After obtaining maxillomandibular records with record bases and occlusion rims, the casts were transferred to a semi-adjustable Hanau™ articulator 96H2 (Whip Mix. Louisville, KY) using a face-bow transfer. Maxillary denture teeth (SR Ortholingual DCL, Ivoclar, Amherst, N.Y.) were selected and arranged on the record bases for a trial denture arrangement. The trial arrangement was evaluated intraorally for esthetics, phonetics, occlusal vertical dimension, and centric relation. A protrusive record was made to set the articulator's condylar elements, and a balanced occlusal arrangement was achieved. The patient’s approval was obtained. The maxillary denture was processed and finished using conventional techniques.
Metal copings for sites 6, 11 and 13 were waxed and cast with a noble alloy (Argebond 80. Glastonbury, CT) using MICRO ERA cast-to patterns (Sterngold Dental, Attleboro, MA) to create custom overdenture abutments for sites 6,11, and 13. Parallelism was achieved on the master cast by using a dental surveyor. Metal copings were intraorally evaluated, fitted and cemented with resin modified glass ionomer cement (Rely X Luting Plus Cement, 3M ESPE, St. Paul, MN). Before insertion of the maxillary denture, attachment sites in the intaglio surface were relieved. Patient approval was obtained. The maxillary denture was delivered. The patient was asked to return 24 hours and one week for post operatory appointments (Figs. 5 and 6).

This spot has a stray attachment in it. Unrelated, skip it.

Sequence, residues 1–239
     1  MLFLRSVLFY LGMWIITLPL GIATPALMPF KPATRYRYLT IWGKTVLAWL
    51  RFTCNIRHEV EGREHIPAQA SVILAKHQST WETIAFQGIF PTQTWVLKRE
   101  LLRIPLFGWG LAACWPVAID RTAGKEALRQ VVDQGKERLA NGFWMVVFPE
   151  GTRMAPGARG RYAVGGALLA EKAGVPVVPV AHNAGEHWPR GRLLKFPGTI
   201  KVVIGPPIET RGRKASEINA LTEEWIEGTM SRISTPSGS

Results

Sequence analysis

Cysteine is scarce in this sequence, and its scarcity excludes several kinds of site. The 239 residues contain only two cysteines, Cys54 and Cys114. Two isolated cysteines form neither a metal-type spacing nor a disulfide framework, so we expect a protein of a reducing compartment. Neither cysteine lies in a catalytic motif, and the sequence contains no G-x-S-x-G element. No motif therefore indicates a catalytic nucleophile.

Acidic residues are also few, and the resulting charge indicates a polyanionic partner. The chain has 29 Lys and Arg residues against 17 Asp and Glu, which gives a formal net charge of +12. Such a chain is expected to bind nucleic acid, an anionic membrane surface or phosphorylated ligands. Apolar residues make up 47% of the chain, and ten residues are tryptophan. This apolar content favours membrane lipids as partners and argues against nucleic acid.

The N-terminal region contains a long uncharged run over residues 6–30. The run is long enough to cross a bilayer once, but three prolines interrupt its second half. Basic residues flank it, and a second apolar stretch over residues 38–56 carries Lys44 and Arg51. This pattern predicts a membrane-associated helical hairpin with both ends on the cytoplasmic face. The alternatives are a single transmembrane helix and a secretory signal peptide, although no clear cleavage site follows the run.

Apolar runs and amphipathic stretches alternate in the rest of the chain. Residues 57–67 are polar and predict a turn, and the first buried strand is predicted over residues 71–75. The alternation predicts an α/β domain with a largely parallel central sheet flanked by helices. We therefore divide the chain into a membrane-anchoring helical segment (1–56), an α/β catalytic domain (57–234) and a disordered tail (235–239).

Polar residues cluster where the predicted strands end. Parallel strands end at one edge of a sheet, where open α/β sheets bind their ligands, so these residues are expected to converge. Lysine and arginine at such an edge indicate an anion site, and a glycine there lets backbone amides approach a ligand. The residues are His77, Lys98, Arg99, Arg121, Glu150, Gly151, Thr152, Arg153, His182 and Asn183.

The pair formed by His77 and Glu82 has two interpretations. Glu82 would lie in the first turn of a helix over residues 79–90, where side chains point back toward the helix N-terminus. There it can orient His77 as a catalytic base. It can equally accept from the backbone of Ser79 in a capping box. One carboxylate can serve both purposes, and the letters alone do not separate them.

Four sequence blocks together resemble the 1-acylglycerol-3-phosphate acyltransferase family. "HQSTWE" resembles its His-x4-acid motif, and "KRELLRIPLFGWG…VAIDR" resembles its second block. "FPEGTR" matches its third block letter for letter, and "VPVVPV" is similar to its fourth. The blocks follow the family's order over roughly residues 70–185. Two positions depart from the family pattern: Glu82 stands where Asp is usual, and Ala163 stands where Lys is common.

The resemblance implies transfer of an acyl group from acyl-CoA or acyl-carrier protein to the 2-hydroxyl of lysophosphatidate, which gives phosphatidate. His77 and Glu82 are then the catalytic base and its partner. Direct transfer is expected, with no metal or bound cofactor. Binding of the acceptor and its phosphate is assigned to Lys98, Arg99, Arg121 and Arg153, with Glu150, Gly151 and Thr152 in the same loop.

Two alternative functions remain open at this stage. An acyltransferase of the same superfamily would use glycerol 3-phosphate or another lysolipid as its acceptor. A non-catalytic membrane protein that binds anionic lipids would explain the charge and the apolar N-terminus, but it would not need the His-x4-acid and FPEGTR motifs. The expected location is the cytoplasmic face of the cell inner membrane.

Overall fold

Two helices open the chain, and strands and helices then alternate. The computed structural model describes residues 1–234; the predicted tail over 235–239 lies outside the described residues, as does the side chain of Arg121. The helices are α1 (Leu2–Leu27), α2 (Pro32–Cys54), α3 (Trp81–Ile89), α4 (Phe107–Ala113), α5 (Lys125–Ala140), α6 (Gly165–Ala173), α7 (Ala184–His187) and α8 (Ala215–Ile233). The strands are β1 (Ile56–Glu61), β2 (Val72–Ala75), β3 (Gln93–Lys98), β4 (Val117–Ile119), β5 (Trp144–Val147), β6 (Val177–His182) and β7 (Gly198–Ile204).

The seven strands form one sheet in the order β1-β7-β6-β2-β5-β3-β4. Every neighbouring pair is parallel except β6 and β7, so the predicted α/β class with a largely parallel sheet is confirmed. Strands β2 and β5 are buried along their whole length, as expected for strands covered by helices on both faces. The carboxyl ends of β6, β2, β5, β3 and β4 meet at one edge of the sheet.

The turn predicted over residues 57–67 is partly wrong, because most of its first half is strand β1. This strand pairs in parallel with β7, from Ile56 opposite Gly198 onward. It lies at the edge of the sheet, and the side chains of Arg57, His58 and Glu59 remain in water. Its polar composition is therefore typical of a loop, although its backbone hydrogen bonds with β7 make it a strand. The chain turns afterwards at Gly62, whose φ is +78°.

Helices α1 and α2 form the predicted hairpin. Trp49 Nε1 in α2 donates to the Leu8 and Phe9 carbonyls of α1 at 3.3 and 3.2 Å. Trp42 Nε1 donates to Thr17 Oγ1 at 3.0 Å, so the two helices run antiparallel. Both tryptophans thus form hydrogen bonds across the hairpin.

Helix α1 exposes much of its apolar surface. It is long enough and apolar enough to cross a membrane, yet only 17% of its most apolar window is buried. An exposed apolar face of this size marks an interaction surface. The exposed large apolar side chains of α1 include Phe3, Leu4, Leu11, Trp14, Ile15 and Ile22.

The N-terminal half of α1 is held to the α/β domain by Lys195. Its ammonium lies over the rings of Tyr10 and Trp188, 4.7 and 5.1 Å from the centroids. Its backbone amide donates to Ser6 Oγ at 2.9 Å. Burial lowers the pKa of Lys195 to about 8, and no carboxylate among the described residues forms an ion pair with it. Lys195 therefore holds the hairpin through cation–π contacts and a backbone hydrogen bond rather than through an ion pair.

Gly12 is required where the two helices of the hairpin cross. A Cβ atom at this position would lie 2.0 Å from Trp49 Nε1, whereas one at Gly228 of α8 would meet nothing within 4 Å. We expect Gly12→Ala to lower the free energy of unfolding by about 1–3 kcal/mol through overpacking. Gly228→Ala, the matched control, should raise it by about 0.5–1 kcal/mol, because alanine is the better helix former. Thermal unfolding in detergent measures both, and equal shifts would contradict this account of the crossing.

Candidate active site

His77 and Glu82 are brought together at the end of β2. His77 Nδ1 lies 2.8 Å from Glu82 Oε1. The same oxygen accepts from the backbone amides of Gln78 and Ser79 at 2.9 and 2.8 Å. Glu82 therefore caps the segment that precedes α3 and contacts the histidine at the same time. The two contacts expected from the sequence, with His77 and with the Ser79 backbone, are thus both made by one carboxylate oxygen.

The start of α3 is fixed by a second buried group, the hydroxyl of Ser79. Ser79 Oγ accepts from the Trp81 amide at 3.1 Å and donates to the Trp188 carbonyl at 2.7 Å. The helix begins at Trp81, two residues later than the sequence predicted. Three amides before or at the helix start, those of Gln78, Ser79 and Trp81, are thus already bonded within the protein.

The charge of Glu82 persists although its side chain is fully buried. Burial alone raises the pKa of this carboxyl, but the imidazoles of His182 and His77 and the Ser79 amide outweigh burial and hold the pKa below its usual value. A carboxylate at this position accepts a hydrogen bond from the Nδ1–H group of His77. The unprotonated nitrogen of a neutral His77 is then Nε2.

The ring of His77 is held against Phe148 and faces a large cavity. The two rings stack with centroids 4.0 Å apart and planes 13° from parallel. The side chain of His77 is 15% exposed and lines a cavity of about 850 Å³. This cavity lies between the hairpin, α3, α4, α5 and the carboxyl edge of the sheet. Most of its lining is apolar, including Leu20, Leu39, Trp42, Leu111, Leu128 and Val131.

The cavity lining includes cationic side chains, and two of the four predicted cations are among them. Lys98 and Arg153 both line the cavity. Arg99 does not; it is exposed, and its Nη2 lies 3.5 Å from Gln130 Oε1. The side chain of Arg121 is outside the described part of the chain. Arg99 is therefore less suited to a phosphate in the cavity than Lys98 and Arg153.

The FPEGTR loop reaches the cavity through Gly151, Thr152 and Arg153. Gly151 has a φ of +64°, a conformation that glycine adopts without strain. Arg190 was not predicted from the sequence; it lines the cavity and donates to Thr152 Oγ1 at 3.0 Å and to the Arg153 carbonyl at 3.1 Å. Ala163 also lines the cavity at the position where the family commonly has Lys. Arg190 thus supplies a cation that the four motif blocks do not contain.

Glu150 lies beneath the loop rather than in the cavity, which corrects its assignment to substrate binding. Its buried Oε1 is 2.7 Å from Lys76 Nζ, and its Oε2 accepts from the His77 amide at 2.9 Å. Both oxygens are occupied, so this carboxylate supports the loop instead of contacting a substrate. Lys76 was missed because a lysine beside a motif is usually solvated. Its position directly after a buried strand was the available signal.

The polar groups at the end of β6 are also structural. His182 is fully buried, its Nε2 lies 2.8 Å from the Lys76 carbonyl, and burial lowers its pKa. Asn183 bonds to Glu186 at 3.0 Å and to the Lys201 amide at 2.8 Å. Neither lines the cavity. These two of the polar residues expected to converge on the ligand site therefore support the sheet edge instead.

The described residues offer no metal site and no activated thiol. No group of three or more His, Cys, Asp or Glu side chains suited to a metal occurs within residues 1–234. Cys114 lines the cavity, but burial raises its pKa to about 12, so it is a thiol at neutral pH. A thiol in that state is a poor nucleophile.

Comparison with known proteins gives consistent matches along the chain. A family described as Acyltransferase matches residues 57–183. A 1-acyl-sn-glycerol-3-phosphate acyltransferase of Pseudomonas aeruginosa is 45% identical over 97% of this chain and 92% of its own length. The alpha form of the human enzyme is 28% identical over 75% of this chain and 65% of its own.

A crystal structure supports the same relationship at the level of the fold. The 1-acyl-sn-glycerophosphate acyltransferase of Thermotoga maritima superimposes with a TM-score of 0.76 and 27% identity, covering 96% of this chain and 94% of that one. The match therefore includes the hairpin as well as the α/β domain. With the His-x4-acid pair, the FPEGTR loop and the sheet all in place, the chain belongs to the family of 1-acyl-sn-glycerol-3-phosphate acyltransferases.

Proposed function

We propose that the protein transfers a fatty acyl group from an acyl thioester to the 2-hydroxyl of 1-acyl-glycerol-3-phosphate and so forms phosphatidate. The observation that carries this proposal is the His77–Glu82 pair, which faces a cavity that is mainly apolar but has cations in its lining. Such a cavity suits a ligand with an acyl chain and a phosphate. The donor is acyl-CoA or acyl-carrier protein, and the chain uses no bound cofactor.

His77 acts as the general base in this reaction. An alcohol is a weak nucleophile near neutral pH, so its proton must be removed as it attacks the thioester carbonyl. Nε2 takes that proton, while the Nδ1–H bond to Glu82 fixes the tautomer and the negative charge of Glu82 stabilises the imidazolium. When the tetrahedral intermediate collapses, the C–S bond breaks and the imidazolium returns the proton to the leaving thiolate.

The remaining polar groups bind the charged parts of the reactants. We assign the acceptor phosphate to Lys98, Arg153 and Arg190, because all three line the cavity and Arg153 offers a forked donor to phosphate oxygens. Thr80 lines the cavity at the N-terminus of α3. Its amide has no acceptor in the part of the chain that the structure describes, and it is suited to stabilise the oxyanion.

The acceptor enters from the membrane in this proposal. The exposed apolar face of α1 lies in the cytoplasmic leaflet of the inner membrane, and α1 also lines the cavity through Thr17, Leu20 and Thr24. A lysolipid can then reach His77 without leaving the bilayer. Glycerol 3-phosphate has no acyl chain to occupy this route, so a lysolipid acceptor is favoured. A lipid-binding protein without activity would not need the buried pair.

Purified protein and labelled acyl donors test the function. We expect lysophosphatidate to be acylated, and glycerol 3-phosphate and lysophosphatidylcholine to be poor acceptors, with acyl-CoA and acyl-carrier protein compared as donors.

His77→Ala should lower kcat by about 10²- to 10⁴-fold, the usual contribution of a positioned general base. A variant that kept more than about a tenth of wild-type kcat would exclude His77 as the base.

The patient returned after one month to have the attachments processed into the denture using a “pick up” impression technique. Black processing attachments with housings were placed on the MICRO ERA attachments. GC hard relined material (GC America, Alsip, IL) was mixed and added to the relieved areas (6, 11 and 13) of the denture. The denture was seated in the patient’s mouth. Upon setting of the material, the denture was removed and white attachments were replaced. Retention and stability was checked and approved by the patient.
The patient was satisfied with the retention and stability of the maxillary overdenture. She was pleased with the functional and esthetic results of the treatment. The patient was placed on a six-month hygiene recall. This case report suggests that stable subperiosteal implants can be restored with MICRO ERA attachments and an implant-retained overdenture. This conservative treatment option should be considered as a viable alternative when the existing subperiosteal implants is stable with no signs and symptoms of a failing implant; and the removal of subperiosteal implants, followed by bone grafting and placement of endosteal implants is not accepted by the patient.